The idea of picking low economic breeding index (EBI) bulls will be a foreign idea to many, but for one farmer, picking these bulls is resulting in high EBI cows.
Farming near the village of Emly in Co. Tipperary, Simon Breen milks 250 Jersey-cross cows in a spring-calving grass-based system.
The farm moved to the cross-bred cow a number of years ago, with Simon looking for a cow that would work in the system that he wanted to operate.
LIC KiwiCross® sires have been exclusively used on the farm for the last number of years, with excellent results being achieved.
Picking bulls on BW (breeding worth) along with advice from his LIC breeding advisor David Power has been key to Simon’s success.
The introduction of the EBI over 20 years ago changed the system of breeding dairy cows in Ireland forever.
With Simon’s herd having excellent EBI figures for production, this has been achieved by using bulls with low EBI.
The herd has an average calving interval of 364 days, with a six-week calving rate of 93% and empty rates of below 10%.
|Animal group||Number of cows||Milk kg|
Fat % Protein %
|Cows with EBI||252||-57|
13.5 / 0.27
7.4 / 0.16
15.0 / 0.30
8.8 / 0.19
13.4 / 0.28
7.2 / 0.17
12.9 / 0.24
7.9 / 0.16
14.1 / 0.27
7.3 / 0.15
12.4 / 0.25
6.1 / 0.14
EBI summary report
The continued progression of the herd can be seen in the figures for the young stock.
|Animal group||Number||Milk kg|
16.4 / 0.36
7.7 / 0.2
16.3 / 0.34
8.9 / 0.2
EBI summary for young stock
Simon describes the herd as being high efficiency, with mature cows weighing 490kg producing over 500kg of milk solids.
The low-EBI bull selected by Simon means that he is given a one-star rating in the co-op, but in the performance area, he is achieving five-star ratings.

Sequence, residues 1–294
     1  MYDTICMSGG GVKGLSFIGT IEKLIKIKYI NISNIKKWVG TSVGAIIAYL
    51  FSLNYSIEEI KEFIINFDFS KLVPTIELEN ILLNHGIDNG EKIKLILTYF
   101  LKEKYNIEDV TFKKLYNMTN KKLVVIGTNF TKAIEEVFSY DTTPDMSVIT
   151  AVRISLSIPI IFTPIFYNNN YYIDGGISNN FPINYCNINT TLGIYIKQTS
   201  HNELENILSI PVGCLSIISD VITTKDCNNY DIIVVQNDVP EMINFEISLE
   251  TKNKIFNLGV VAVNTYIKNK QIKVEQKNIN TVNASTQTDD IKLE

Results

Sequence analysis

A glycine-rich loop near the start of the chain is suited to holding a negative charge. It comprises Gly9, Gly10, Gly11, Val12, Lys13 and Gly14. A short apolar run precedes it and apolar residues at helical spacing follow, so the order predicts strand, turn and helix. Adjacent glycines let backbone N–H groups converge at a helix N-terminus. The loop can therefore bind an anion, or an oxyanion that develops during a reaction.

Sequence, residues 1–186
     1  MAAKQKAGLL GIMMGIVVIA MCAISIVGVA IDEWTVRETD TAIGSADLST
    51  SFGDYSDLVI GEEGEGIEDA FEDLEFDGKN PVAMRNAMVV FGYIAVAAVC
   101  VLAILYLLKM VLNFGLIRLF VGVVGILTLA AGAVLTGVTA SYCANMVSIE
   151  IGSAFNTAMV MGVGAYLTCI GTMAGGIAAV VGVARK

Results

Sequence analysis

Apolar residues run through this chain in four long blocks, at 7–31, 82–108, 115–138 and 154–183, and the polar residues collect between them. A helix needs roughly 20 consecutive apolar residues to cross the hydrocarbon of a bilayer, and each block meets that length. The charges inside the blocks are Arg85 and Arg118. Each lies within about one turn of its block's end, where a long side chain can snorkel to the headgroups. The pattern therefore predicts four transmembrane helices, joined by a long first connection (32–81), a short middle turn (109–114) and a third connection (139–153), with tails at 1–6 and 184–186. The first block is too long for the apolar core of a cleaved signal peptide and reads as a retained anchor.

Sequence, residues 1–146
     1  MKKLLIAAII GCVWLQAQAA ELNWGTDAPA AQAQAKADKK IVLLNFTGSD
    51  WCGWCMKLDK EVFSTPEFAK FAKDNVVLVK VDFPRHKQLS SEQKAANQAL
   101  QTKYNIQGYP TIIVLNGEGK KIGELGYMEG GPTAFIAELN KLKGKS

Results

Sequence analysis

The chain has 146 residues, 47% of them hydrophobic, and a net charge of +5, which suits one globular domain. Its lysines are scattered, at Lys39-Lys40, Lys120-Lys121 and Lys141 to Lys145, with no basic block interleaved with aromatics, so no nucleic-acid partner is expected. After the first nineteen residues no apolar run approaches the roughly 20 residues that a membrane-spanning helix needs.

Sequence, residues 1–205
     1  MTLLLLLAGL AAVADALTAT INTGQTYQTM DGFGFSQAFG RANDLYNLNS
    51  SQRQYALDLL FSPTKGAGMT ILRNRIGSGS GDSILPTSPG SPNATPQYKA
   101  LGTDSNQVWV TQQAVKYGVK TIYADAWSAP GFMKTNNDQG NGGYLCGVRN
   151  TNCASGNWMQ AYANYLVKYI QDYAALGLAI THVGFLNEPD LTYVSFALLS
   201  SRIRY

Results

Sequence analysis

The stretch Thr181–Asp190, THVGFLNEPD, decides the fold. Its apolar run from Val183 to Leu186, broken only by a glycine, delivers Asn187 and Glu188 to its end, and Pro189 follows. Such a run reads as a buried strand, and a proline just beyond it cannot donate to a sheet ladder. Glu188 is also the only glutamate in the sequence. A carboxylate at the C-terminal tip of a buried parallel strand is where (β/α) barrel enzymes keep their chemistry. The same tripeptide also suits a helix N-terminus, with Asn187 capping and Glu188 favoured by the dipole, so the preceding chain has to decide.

This shows that although the bulls have a low EBI, they have good BW values which results in highly efficient cows.
This cow type suits the grass-based system that Simon is operating on this Co. Tipperary farm.
|Your herd||Tipperary average||Tipperary|
out of 100
|Milk performance for 2022 (Jan-Dec) based on Tipperary data|
|Fat + protein (kg/cow)|
Average fat and protein yield/cow
Average L of milk/cow from Jan-Dec
|Fat percentage to end of December||4.89||4.26||4.48||99%||*****|
|Protein percentage to end of December||3.88||3.53||3.65||99%||*****|
|Average milk price c/L||68.0||59.8||62.8||99%||*****|
|Somatic cell count (SCC)|
|Fertility and calving data|
|Spring 6-week calving rate||93%||72%||88%||97%||*****|
|Percentage of known sires||100%||59%||100%||100%||*****|
|Percentage of AI-bred replacements||91%||52%||100%||62%||****|
|Percentage of heifers calved at 22-26 months||100%||78%||100%||100%||*****|
|Herd EBI 2023||€204||€155||€190||97%||*****|
|EBI of 2023 inseminations||€211||€268||€320||17%||*|
Dairy herd performance report
The data shows that although low-EBI sires are being used, it is resulting in highly efficient and profitable cows.
The importance of having good advice was also highlighted by Simon, with breeding advisors David Power’s knowledge of bulls being vital.
Simon has an aim to reach 5% fat, from its current level of 4.90% and 4% protein from its current level of 3.90%.
The bulls that have been selected for this year’s breeding season have an average figure of 5.5% for fat and 4.3% for protein.
A high-EBI calf is not important for his herd, according to Simon, admitting that he is instead looking for a high-EBI cow that will perform within the herd.